With the test already an anxiety-producing event, the shifting dates, modifications of rules and the sense of limbo created by the delay has put many law-school graduates — especially those who had been promised jobs, once they passed the exam — on edge for weeks.

“We will be dealing with this for 2 more months. I have watched my classmates crowdfund utilities to pay for their apartment. People had to buy new computers. This is Hell,” University of Miami law school graduate Johnny Carver wrote in a Twitter post early Monday morning.

Potential test takers will have to study for two more months “on their 2nd exam delay and 6th format change,” Carver wrote, adding that many graduates will lose health insurance from their law schools and will miss out on employment offers.

“Credible suicidal thoughts reported,” he tweeted.

To help offset the exam postponement, the board created a “supervised practice program” that is similar to an existing “Certified Legal Intern” program. The new program will “allow for practice with supervision by a member of The Florida Bar,” Sunday’s announcement said.

The program will begin in mid-September, when grades would have been released for the July test, the board noted.

“Details regarding eligibility and rules for participation will be announced once they are finalized,” the announcement said.

But the supervisory program isn’t the equivalent of being a full-fledged lawyer, critics of the board’s decisions maintain.

Tallahassee lawyer G.C. Murray II scolded the board on social media late Sunday night.

“It seems clear to me that the Florida Board of Bar Examiners (#FBBE) never had an adequate secondary (or tertiary) plan in place,” Murray, CEO of the firm Association G.C., wrote in a Facebook post. “This is a failure of foresight, transparency, and execution at the highest levels of the #FBBE and I hope that members of The Florida Bar and The Florida Bar Young Lawyers Division ask the Court to conduct a thorough review into the actions of the executive leadership team at the #FBBE.”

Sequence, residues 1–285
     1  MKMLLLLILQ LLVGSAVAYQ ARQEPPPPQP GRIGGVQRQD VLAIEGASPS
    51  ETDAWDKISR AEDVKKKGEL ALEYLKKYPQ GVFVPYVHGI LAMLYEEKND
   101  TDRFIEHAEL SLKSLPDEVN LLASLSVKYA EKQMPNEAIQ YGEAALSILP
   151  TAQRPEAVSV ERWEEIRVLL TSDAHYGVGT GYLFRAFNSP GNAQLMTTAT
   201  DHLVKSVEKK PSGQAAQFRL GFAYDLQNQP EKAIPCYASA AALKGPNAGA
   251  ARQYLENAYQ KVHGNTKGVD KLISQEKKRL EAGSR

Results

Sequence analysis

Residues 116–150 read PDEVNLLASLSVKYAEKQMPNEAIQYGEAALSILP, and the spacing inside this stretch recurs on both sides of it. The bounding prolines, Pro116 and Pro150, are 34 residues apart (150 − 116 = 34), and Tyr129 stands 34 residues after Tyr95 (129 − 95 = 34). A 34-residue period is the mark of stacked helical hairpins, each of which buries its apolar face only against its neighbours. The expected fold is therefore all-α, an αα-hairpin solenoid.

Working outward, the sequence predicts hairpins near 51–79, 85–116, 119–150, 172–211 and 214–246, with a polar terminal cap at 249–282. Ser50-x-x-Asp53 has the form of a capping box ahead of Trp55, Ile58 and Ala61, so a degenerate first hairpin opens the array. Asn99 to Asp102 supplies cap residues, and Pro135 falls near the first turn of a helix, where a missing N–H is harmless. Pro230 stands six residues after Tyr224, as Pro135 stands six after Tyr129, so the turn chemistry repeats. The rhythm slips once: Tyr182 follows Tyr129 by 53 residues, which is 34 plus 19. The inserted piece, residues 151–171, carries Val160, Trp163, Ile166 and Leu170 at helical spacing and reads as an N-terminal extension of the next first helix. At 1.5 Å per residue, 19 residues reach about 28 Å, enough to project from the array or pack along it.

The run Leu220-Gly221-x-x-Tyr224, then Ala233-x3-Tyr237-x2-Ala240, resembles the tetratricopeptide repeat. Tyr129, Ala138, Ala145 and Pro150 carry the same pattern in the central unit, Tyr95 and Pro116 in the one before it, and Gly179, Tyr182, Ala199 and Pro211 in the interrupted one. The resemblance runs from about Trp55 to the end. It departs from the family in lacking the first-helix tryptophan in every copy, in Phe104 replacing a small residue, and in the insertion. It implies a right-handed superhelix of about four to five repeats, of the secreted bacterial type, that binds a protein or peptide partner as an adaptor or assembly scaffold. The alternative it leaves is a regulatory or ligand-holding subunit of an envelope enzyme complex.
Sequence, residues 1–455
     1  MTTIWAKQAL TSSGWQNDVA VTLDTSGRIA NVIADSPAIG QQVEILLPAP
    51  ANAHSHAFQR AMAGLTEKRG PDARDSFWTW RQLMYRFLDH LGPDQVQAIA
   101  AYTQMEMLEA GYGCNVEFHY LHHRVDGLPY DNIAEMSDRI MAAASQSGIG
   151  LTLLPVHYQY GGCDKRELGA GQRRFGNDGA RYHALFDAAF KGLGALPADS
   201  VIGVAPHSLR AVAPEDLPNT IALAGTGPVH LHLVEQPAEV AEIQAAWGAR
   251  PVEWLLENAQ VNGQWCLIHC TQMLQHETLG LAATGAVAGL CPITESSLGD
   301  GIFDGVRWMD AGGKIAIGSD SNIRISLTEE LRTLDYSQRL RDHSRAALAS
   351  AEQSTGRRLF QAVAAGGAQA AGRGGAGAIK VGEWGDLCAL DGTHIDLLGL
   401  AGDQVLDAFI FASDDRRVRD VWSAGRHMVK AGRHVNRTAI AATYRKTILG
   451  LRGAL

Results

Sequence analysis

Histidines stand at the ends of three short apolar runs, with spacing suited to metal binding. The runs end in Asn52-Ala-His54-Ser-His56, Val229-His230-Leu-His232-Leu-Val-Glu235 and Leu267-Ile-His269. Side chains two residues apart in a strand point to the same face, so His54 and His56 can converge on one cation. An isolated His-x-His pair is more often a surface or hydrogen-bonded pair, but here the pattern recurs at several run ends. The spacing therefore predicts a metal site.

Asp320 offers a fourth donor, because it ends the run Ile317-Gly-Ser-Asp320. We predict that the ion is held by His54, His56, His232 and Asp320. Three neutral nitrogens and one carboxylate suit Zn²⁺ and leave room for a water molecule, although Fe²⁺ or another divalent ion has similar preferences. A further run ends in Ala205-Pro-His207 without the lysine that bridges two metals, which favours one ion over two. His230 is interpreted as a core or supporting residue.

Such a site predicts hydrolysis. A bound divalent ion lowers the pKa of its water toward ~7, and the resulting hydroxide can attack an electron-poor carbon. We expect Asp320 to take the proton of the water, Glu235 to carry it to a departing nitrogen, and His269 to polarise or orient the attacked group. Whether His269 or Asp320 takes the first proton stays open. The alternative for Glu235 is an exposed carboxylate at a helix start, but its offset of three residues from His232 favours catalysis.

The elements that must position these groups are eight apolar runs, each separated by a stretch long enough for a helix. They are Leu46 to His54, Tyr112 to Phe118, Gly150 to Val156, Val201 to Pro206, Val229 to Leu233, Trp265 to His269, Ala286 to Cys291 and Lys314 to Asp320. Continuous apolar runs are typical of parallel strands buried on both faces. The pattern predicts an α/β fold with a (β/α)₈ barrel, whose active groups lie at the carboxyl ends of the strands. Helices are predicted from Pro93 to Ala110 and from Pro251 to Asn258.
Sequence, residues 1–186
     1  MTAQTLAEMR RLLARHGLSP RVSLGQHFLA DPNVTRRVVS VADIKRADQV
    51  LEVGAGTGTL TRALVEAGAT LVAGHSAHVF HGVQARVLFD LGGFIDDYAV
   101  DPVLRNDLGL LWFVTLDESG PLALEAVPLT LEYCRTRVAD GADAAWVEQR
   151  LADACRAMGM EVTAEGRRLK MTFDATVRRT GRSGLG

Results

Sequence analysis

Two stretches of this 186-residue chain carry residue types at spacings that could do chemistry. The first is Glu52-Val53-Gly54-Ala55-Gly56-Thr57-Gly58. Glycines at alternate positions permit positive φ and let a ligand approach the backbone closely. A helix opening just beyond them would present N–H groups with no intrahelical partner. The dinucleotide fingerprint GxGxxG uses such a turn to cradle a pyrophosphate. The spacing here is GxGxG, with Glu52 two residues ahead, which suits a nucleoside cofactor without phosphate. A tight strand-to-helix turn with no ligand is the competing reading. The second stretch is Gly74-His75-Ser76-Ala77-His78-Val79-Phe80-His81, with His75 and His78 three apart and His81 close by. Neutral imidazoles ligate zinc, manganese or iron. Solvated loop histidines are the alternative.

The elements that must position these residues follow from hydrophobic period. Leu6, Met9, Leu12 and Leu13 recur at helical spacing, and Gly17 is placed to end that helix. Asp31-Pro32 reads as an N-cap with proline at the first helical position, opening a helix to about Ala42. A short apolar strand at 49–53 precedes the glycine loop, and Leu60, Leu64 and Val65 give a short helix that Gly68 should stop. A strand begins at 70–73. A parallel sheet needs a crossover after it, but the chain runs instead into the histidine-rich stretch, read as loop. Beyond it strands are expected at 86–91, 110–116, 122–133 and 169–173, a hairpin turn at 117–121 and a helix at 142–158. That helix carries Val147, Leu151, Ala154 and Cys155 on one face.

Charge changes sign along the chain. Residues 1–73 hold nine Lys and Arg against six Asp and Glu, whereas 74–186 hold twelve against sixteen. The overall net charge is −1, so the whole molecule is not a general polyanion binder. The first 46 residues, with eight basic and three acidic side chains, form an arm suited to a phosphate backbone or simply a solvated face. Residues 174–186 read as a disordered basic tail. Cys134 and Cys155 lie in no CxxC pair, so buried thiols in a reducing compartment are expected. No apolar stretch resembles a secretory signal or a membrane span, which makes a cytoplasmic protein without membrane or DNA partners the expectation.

The wrangling over the exam has fueled intense criticism on both sides on social media.

Some advocates have faced backlash for suggesting that the exam should be waived this year. Critics accuse the law-school graduates of using COVID-19 to skip out of taking the test.

But Black, who has an autoimmune disorder, dismissed such accusations.

“I don’t think this is a pass. Nobody has had to study under these conditions. The amount of stress, just COVID alone. You can’t leave the house. The children are running around. The libraries are closed. The schools are closed,” she said. “The biggest problem with the delay is my family wants me back. I feel heartbroken.”

Law school grads protest

Prospective attorneys who have been studying and racking up debt for years protested Wednesday in front of the Florida Supreme Court, demanding action.

As late as Sunday, FIU Law graduate Michael Ellis was expecting Wednesday would be the day he would cross his last hurdle to becoming a lawyer.

“I should be, I think, on a lunch break right now,” said Ellis.

But late Sunday night, he got the news the Bar exam would be delayed until October.

“I believe the term was ‘technical difficulties.’ And that’s it,” said Ellis.

This is the third time the exam has been delayed.

Each day that goes by means more studying and more debt for grads like Kristen Overstreet.